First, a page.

BrisketBoss wrote:
So as someone mentioned, that doesn't help. It isn't dehydration exactly. It doesn't seem to be much studied but the theories I saw last night had to do with dormant glands in roof of the mouth or dormant salivation, and the sudden reactivation of these is a lot of stimulation that the body can interpret as pain...anyway, interesting stuff. Some people wrote that they feel worse if the first thing they eat is sugar or carb heavy, but whatever they start with they'll still get it.


I have this when I drink Orange juice after a fast. It’s like my palette stiffens up, becomes almost hard and bumpy. I actually didn’t feel it this year as I made sure to start off with lots of water.
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amother




Begonia
 

Post Mon, Jul 19 2021, 2:01 pm
amother [ Garnet ] wrote:

However this is the first I heard of making a siyum/eating fleishigs after Tisha Bav, so it is very interesting to learn about this minhag.


For those who want to follow this part of the thread without derailing this thread, I have copied and pasted information to page 4 of a a thread I think it applies to where I am amother natural.

https://www.imamother.com/foru.....rt=60
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realsilver




 
 
 
 

Post Mon, Jul 19 2021, 8:36 pm
watergirl wrote:
Thanks for clarifying re: your type-o. I am also chassidish but I do not know anyone who has a fleishing seuda after Yom Kippur Smile

We must remember that the things we do during the 9 days are NOT halacha, and if someone has a health need, it MUST be seen to. That is the mitzvah. One who needs to eat meat for the iron or whatever is doing a mitzvah when they eat the meat. It is the opposite of a mitzvah to neglect your health. My husband loves to tell the story of Reb Zusha and Reb Elimelech who danced while in jail when Reb Zusha reminded Reb Elimelech, (who was crying because there was a chamber pot in the cell and therefor they could not daven) that by not davening at that moment, they are doing Hashem's will and therefor they were doing a mitzvah (See here for the whole story).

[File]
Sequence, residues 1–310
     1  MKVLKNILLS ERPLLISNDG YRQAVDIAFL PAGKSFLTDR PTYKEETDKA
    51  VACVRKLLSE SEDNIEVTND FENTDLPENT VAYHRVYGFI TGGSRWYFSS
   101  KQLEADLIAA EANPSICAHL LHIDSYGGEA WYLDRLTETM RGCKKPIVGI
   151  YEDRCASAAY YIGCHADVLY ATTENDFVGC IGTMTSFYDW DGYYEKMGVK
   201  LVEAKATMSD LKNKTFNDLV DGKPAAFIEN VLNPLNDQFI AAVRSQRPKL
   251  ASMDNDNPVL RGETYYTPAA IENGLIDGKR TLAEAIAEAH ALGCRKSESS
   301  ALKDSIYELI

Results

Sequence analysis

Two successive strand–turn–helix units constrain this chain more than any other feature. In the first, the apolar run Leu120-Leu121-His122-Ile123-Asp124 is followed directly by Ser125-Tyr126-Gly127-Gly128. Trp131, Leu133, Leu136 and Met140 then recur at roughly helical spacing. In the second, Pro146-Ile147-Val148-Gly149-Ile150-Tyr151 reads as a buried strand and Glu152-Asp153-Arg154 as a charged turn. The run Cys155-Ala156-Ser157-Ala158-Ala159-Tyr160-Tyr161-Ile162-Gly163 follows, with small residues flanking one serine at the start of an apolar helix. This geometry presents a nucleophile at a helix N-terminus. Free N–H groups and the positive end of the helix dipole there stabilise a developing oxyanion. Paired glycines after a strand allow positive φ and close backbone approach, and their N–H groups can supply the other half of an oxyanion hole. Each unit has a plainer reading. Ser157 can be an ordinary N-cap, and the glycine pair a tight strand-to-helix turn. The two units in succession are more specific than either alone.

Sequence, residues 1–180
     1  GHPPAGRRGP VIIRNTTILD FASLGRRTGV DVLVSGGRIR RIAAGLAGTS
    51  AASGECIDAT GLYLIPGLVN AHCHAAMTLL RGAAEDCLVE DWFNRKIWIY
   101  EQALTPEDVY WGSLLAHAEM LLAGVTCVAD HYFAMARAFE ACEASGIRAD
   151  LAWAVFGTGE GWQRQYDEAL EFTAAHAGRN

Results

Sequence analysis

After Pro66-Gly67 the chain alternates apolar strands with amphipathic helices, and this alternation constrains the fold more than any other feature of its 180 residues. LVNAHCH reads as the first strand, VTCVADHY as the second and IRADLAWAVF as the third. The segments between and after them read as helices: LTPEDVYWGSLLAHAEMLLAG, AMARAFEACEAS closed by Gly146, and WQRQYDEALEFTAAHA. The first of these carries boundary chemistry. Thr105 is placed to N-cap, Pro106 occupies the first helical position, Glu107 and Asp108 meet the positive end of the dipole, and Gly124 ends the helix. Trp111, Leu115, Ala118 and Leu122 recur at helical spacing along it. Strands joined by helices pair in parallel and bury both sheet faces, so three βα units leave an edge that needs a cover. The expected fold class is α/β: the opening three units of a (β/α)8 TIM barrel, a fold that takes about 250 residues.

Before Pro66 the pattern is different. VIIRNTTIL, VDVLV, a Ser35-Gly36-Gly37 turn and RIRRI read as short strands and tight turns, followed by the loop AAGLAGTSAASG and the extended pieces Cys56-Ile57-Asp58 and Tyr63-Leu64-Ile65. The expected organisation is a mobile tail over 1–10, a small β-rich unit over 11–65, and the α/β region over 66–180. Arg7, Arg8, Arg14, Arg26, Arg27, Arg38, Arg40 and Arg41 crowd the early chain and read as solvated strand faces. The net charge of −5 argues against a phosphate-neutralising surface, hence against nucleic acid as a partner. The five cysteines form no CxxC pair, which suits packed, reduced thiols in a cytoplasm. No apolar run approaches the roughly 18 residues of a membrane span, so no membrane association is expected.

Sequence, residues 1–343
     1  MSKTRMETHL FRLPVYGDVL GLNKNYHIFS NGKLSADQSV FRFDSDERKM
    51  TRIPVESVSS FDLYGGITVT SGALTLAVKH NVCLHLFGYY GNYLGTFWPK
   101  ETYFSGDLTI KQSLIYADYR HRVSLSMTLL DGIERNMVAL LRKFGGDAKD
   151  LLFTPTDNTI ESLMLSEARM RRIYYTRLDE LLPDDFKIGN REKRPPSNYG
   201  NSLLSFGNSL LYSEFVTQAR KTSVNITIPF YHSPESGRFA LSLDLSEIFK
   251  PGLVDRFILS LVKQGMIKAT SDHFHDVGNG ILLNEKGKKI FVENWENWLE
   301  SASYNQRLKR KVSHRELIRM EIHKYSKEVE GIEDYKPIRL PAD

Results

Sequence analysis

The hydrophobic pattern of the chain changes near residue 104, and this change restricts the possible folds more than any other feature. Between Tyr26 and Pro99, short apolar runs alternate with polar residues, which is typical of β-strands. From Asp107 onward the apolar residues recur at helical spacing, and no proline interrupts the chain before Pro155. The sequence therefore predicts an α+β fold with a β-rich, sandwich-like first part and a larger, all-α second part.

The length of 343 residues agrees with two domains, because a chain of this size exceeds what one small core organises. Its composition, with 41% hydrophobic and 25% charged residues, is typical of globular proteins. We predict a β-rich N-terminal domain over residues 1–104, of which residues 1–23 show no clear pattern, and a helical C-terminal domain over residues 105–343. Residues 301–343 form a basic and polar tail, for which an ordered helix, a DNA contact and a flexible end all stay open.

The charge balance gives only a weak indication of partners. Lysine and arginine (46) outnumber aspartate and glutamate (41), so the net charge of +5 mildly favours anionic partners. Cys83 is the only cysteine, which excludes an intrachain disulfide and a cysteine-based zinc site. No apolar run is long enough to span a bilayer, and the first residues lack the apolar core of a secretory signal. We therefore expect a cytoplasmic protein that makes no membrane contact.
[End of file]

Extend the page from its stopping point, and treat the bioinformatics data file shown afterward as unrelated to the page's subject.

I've never gone to a siyum during the 9 days and it looks like for the next many years I will be, because last year my best friend lost her son and his yartzeit is during the 9 days. Our Breslov minhag is to make a siyum for the yartzeit and therefor a fleishig seuda. This year was the first time and I have to tell you, the meatballs were very hard to swallow. They were delicious, but very painful.

I want to be clear - I have zero objection to making a siyum during the 9 days. I do feel that it's almost to the point of silliness to plan out the learning schedule so conveniently as to have more than one. As I said before, if one has a need to eat meat, he or she should do so and know they are doing Hashem's will.



This is beautiful and all but you should know that rebbes do have a particular minhag to make siyumim in the 9 days.